I have seen and loved “typical” biopics. You know—that formula that takes us on quite the ride of the life and loves and losses of an individual, spanning decades. The short montage that represents the years passing just so the movie can settle into the new, exciting time period during which “more stuff happens.” I’ve often found those to be cheesy. Why not just cut to the next scene and put the year on the screen? But then there are the biopics that do focus on a specific time in an individual’s life (not decades) but are still “typical” in their formula, often (as the first case is also often accused of) in order to become “Oscar Bait.” Just like with their counterparts of wider scope, the pacing, the dramatic scenes that focus on incidents that tug at the heartstrings of moviegoers, and, of course, the choice to leave out certain incidents that wouldn’t “play into the narrative” that moviegoers have been sold are all elements.
When I walked out of Love & Mercy (dir. Bill Pohlad, wri. Oren Moverman and Michael Alan Lerner), based on the life of Beach Boy Brian Wilson, my first thought, after I’d just seen (and liked, actually) a biopic that was, in fact, formulaic, my first thought was that this was not your typical biopic and is worth watching for that and for the pacing, the performances, the incidents, and all of those choices made, but because they are not formulaic or what you’d normally see.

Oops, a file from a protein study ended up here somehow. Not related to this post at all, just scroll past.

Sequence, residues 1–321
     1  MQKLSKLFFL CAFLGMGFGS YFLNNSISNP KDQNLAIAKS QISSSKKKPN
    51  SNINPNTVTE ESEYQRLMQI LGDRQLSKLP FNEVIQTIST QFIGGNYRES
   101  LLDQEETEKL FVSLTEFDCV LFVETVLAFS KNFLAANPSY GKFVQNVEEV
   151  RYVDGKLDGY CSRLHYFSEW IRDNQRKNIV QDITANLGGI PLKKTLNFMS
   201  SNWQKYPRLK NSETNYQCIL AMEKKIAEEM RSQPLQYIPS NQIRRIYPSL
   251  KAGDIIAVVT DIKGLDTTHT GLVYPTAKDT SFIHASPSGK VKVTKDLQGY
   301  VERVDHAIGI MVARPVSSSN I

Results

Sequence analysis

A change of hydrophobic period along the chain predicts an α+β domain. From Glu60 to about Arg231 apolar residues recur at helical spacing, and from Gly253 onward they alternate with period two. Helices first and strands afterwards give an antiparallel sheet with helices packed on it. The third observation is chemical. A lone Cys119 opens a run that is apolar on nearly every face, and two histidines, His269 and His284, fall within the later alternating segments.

There is a montage, but it is so well done that I, in the best possible way, did not know what had hit me. I will not reveal the way it is put together, but it takes place at such a height of emotion and showcases how excellently Paul Dano and John Cusack share the role of Wilson. The way the film treats time is one of its main strengths. Dano displays his talents as his character is caught in the conflict between commercial success and true artistic fulfillment, which, as it mostly always does, involves pressure from others to favor the former. Cusack shows us the toll years of unbearable pressure, work, and mental illness can take when there is no help available and there are people around taking advantage of you. Paul Giamatti (Dr. Eugene Landy) is terrifying as one of those people (and he does it so so well—he can do anything).
In my book, the standout performance comes from Elizabeth Banks, who plays Melinda Ledbetter, who meets John Cusack in a car dealership. She is a character in her own right and has a life and a history. Banks very impressively carries all of that and brings weight to the role as a woman who is adding to her life unpredictably bizarre situations and manages to achieve what no one else is ever able to achieve.